Mad rush

“When you wake, you’ll be a real boy.”

“When you wake, you’ll be a real boy.”

Isabelle Huppert goes gonzo bonkers in director Neil Jordan’s latest—a silly, standard psycho stalker cinematic run-through made somewhat fun by Huppert’s commitment to nuttiness and costar Chloe Grace Moretz’s excellence at playing freaked out.

Moretz is Frances, a young woman living in New York City with her best friend Erica (Maika Monroe). Frances, still dealing with the loss of her mother, finds somebody’s handbag on the subway and decides to return it to its owner.

The owner is Greta, a piano playing, solitary French woman who immediately invites Frances into her life, and they develop a fast mother/daughter bond. Greta has a daughter of her own, but she lives in Paris, so Frances fills a void. Greta provides the motherly friendship Frances craves. Erica cries weird about the whole relationship, but Frances persists, even helping Greta adopt a dog, and opting to hang with Greta instead of friends her own age.

This is a horror-thriller, so it’s fairly obvious going into the theater that the Greta connection isn’t going to work out for the good.

The cards are flipped early in the movie, and Greta reveals herself as a real kook, and the mother/daughter bonding goes south super-fast, devolving into Greta going into full stalker mode. The plotting is similar to other stalker films like Single White Female and One Hour Photo. It’s worth noting that, while it’s like those films, those films were actually quite entertaining, and Greta is often entertaining, as well.

That’s mainly because Huppert, a great actress, commits 100 percent to providing you with a memorable psycho, a cringe-inducing creep who makes your skin crawl. There’s little mystery behind the notion she’s crazy. The movie is really about revealing just how freaking crazy she is, and, as it turns out, she’s way out there.

Jordan gives us a lot of the standard scenarios, like Greta taunting Frances through her mobile phone, or Greta standing outside the window of Frances’s workplace just staring at her. In the hands of a lessor director, this could just come off as schlocky, but Jordan (The Crying Game, The Butcher Boy) knows a few things about making movies with good cinematography and editing. It’s a solid movie enterprise as far as all the bells and whistles go.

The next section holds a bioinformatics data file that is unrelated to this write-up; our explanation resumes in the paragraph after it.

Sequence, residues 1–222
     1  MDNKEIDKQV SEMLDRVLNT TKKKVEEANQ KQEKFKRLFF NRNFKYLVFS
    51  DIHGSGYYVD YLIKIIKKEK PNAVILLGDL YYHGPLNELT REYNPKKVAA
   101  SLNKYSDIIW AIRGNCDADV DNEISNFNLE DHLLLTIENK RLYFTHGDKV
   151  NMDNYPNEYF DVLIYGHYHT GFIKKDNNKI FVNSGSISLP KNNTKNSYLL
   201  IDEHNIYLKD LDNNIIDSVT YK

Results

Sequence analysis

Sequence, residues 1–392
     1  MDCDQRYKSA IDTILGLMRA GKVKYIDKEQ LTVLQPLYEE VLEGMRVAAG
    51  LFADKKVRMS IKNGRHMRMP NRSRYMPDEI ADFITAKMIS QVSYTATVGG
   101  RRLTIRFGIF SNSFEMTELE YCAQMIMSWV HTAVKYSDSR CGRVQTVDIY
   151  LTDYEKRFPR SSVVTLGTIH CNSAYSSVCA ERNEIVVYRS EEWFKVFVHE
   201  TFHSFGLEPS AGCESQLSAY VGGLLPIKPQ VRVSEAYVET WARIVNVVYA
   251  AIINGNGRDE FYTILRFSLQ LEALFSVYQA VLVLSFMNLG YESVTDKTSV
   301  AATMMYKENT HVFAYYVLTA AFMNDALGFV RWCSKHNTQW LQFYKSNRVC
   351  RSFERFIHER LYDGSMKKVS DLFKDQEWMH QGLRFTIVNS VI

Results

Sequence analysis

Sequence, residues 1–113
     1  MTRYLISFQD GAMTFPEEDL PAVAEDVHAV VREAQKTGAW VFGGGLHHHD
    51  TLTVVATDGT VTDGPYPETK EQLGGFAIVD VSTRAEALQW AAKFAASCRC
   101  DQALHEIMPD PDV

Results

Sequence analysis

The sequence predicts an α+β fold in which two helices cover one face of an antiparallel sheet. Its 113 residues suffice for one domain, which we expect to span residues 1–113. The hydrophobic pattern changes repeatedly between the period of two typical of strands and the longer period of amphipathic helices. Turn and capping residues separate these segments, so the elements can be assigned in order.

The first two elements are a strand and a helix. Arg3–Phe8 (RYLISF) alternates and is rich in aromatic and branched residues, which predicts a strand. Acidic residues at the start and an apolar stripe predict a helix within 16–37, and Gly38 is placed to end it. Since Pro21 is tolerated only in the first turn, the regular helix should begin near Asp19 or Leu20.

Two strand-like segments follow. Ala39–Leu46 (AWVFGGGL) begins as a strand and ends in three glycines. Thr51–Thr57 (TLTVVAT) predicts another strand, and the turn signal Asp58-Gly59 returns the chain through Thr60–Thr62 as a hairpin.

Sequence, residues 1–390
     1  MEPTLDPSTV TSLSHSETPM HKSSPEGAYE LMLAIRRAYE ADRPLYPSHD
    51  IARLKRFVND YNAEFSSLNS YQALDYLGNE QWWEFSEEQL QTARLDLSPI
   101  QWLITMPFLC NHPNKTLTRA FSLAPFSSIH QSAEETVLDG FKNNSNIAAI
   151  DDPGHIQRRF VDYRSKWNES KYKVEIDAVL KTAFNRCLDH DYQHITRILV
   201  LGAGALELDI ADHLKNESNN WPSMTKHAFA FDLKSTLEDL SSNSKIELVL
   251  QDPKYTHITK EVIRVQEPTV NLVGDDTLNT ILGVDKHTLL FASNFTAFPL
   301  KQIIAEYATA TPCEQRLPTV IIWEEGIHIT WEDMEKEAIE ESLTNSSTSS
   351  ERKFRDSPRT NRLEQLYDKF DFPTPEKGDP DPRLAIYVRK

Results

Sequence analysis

Huppert and Jordan do a serviceable job of making Greta an intimidating, terrifying monster at times. They also allow the movie to go off the rails in a funny and effective way. Ballet dancing, hypodermic needles, a piano and toy boxes all play a part in the insanity, and Huppert embraces the chance to be bad with glee.

While Huppert takes a blissful journey into crazy villain land, Moretz gets a lot of credit for keeping her role grounded in a sort of reality, no matter how nutty the proceedings get. The film works as well as it does because Moretz’s Frances is easy to root for, even when her actions are so dumb.

It doesn’t hurt to have Monroe doing her best work since her presence in the instant horror classic, It Follows. She brings a vim and vigor to her role (the “roommate") that could easily come off as a stereotype. Erica proves to be a character as memorable as Greta and Frances.

Greta isn’t groundbreaking filmmaking, but it is entertaining and contains enough good scares and creepy moments to give it a pass. Huppert’s Greta isn’t the sort of movie monster that will haunt your dreams, but she will make you uncomfortable in a good way for a couple of hours. There’s no reason for you to rush out and see it in theaters, unless you are a huge Huppert fan. It’s a movie that will work just fine when you stream it someday looking for some goofy scares.